I want to be sure that my emotional generosity comes from a true place and builds equity. I also struggle with a shameful selfishness. I visit my mother nearly every week, although she really has no sense of time. She is in a good facility but even the best facility cannot mask the ravages and stench of dementia and after over two years of weekly visits, entering her “hotel” has grown no easier for me and I often develop dry heaves and nearly vomit. I cannot bear, for even a minute, the place to which I have consigned my mother for the rest of her life. I whisk her out on Saturday afternoon and feed her something and get her a decent cup of coffee but I am unable to make any human sort of connection with her. I cannot get her back to the hotel soon enough and every week, I kiss her goodbye and say “I’ll talk to you tomorrow,” which is simply a lie and she will be left for another week in the charge of the hotel caregivers who are kinder and more patient than I. The happiest moment of my week is when the security door shuts and she is inside and I am outside.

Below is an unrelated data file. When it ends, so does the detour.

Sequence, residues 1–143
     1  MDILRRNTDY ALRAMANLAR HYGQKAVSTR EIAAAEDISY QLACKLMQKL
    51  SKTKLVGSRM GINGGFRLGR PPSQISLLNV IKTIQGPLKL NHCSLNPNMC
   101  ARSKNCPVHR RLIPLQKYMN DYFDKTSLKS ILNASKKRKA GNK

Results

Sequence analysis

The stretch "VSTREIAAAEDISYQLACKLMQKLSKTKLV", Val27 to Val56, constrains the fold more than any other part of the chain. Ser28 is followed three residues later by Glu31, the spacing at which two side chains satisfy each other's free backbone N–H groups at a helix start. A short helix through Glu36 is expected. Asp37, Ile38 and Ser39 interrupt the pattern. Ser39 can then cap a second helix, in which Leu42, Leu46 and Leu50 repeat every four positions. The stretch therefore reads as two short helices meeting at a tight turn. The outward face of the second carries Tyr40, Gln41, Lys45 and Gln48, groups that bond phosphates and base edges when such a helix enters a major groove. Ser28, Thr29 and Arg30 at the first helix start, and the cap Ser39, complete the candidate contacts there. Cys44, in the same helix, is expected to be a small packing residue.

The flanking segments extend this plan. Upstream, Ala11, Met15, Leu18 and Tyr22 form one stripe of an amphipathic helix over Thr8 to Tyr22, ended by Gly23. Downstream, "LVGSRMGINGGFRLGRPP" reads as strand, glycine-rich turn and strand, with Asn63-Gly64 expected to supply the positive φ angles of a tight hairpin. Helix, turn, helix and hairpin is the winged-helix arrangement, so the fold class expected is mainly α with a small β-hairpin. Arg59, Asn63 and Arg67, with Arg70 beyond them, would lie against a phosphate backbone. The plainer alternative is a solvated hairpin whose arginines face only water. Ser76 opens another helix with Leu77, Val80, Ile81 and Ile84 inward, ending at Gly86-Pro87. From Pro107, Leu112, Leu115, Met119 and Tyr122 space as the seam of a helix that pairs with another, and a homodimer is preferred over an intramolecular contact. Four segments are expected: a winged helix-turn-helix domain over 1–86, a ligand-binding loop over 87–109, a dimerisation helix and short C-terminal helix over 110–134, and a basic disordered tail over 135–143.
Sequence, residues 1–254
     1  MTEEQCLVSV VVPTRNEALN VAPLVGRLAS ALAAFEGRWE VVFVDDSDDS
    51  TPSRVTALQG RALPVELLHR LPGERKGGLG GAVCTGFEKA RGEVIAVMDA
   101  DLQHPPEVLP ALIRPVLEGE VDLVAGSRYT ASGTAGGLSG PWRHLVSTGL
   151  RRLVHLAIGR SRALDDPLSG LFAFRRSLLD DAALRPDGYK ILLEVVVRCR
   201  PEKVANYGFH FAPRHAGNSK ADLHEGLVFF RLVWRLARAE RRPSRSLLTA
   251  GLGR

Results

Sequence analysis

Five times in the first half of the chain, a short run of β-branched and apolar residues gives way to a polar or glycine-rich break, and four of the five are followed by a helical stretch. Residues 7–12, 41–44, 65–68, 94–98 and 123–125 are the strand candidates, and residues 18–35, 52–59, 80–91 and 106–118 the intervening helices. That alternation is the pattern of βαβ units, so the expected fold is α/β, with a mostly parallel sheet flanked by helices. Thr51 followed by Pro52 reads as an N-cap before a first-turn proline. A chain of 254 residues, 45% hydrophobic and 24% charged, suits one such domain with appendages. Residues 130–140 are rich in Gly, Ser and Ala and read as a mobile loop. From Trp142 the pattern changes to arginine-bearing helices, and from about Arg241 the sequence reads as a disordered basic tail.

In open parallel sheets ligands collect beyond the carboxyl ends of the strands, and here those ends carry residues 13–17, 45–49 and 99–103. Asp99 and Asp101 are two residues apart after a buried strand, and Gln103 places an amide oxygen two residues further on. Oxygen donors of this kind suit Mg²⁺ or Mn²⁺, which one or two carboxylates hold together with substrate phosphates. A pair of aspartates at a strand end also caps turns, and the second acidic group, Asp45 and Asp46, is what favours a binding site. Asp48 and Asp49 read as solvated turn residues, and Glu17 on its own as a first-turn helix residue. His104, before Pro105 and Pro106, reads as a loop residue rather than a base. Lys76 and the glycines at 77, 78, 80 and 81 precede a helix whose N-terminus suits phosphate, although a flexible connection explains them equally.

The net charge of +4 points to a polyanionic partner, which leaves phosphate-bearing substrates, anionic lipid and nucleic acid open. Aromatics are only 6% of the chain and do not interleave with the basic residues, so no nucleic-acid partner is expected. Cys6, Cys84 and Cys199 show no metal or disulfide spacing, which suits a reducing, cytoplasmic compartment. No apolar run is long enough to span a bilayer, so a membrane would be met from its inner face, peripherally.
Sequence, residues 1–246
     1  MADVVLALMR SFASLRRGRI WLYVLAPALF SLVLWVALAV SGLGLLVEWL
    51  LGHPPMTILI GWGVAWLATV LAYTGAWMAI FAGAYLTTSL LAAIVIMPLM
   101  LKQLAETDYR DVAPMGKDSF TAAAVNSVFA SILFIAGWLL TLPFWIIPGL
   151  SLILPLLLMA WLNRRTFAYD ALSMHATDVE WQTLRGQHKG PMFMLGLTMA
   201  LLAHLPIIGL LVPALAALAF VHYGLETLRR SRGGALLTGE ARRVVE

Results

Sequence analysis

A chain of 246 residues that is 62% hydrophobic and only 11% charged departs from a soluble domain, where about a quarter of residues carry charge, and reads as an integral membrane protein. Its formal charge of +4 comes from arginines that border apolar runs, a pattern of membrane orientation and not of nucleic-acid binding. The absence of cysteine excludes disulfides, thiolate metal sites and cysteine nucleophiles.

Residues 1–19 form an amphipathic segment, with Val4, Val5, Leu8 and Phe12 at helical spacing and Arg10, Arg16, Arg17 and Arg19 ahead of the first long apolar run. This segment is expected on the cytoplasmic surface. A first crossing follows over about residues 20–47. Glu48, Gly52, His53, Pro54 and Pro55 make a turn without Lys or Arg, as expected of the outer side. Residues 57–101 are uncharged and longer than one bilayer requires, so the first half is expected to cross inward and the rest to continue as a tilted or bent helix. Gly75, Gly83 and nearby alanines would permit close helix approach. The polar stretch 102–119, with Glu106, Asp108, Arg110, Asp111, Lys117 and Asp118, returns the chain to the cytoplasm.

People like my kids and often go on about how neat they are. I try to remember what it was like being nearly 13 and nearly 16 and I have this vision of being a perfect, empathy exuding mom. I fall so short. Sometimes they try to engage me in conversations about things that interest them which I find boring and instead of trying to figure out from them why they are so interested and to get to know them better, I just grunt and pretend to be listening. There are topics I remember being particularly sensitive about as a kid but this doesn’t always inform my communication with my own boys and sometimes I wound them in ways I swore I never would. God help me not fuck up my precious kids too much.